If this theory is true, the law is limited on the stage of moral development of citizens which should be considered depending on their social class. If the majo rity is stages 1 and 2, institutional enforcement is used to maintain order. In stages 3 and 4 law is more limited and in 5 and 6 even more limited. But this de pends on the conformity of law with beliefs and values of society. Cultural factors Fatalism In many cultures people believe they have no control over their lives and God or evil spirit causes everything. They dont use fertilizersbecause they believe God is responsible for their success. They resist change because it is human-enacte d and not from divine origin. Ethnocentrism Some people consider themselves superior with the only rights ways of thinking, et c. This causes ignorance towards others ideas and methods and resistance to chang e. Ex; whites that consider themselves superior have hindered integration of oth er races in many institutions. Incompatibility When the proposed law and change is contradictory to the system of the target gr oup change is hardly implemented. Ex: in Israel the law of reducing legal marria ge age for girls to 17 was not applied by Jews and Arabs that allow marriage eve n at lower ages. Superstition Which is a belief not substantiated by facts, can hinder change. Ex: In some pla ces a baby is not given water for many months after birth because it is believed waters cold nature upsets the babys heat equilibrium. In Zimbabwe women do not ea t eggs because they are believed to cause infertility. Economic factors Limited economic resources and high costs are often a barrier to change. Change through law is very costly because of the instrumentation of legislation, admini strative ruling or court decisions that are all costly. For ex. federal regulati ons have increased the costs of institutions of higher education thus, resist fu rther changes and require modification of current regulations. The distribution of costs and benefits also effects resistance. If they are equally distributed t here is little resistance but if benefits are low and costs are concentrated, re sistance is high. Generally economic factors are decisive in affecting resistance to change. No ma tter how much somebody wants something if economic sacrifice is too great or the y cant afford it, change doesnt occur.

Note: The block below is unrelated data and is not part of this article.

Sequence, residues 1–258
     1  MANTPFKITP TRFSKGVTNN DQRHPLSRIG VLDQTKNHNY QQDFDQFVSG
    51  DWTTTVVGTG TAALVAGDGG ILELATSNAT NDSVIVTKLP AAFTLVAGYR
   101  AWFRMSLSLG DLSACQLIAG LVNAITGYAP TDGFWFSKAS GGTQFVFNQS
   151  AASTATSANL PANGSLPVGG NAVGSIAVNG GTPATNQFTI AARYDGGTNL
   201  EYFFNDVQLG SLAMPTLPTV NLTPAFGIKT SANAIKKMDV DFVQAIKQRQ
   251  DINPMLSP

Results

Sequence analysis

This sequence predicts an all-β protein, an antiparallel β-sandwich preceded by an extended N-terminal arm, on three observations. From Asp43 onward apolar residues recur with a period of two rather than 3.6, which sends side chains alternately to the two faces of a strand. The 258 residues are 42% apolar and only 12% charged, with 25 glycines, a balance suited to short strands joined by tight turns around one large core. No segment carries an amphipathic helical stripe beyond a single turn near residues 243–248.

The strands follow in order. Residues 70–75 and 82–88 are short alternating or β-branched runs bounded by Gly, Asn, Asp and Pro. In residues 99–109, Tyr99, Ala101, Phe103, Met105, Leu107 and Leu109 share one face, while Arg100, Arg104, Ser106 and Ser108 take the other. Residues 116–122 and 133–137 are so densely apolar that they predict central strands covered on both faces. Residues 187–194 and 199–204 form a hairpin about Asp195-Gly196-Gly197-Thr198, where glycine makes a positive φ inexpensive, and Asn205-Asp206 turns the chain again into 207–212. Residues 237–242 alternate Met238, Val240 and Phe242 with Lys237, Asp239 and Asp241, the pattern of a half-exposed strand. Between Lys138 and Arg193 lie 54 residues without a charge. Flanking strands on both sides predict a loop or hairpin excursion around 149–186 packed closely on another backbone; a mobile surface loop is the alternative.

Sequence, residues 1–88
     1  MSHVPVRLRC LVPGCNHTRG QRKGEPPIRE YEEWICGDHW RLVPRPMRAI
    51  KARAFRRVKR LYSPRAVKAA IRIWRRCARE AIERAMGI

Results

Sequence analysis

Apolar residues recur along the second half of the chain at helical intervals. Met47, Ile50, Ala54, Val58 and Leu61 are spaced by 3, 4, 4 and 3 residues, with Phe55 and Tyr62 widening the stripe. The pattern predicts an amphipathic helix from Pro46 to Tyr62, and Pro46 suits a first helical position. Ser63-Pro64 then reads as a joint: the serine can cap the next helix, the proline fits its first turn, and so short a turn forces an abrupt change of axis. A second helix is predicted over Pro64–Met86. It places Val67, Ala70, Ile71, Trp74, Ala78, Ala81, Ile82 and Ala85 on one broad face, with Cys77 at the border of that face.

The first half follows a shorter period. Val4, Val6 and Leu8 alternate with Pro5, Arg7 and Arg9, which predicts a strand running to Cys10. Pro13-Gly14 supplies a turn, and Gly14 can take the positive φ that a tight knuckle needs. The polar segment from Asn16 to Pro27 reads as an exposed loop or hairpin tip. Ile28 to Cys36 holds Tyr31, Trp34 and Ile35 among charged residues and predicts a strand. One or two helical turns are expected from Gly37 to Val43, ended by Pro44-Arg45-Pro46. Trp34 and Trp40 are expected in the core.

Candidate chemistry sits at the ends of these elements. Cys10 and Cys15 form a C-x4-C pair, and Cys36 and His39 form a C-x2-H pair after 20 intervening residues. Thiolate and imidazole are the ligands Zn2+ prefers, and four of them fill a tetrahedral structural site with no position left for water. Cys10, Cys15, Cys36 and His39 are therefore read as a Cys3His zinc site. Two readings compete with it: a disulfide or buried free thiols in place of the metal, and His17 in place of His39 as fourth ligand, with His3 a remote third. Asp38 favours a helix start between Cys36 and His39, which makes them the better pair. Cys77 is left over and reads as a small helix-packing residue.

Hindu Marriage Act The Hindu Marriage Act was established in 1955 as part of the Hindu Code Bills. Three other important acts were also created during this time and they include t he Hindu Succession Act (1956), the Hindu Minority and Guardianship Act (1956), and the Hindu Adoptions and Maintenance Act (1956). All of these acts were put f orth under the leadership of Jawaharlal Nehru, and were meant to modernize the t hen current Hindu legal tradition. As part of the Hindu Code Bill, the Hindu Marriage Act was enacted by parliament in 1955. Its purpose was to regulate personal life among Hindus, especially the ir institution of marriage, its validity, conditions for in-validity, and applic ability. The bill was viewed as conservative, but it was also modern in the sense that it recognizes the modern offshoots of the Hindu religion (Jains, Buddhists) as spe cified in Article 44 of the Indian Constitution. According to the tenets of Hinduism, marriage is a sacred relationship, a sacram ent, and a divine covenant meant for procreation and continuation of family line age. In the traditional Hindu system of marriage, there is no role for the state as marriage remained a private affair within the social realm. Within this trad